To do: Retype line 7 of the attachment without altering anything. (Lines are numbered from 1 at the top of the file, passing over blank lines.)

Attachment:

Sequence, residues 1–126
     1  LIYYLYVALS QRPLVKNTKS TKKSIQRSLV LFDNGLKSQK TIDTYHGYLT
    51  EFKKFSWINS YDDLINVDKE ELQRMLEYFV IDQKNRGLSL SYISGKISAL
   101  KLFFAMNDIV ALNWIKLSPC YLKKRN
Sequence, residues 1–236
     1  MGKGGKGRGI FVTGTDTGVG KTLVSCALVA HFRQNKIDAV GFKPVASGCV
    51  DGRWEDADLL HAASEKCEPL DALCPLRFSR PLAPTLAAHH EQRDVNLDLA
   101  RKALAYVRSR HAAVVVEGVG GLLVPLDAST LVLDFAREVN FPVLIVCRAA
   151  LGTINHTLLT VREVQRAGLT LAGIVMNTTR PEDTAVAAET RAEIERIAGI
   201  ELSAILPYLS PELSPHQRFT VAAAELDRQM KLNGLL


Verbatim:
    51  DGRWEDADLL HAASEKCEPL DALCPLRFSR PLAPTLAAHH EQRDVNLDLA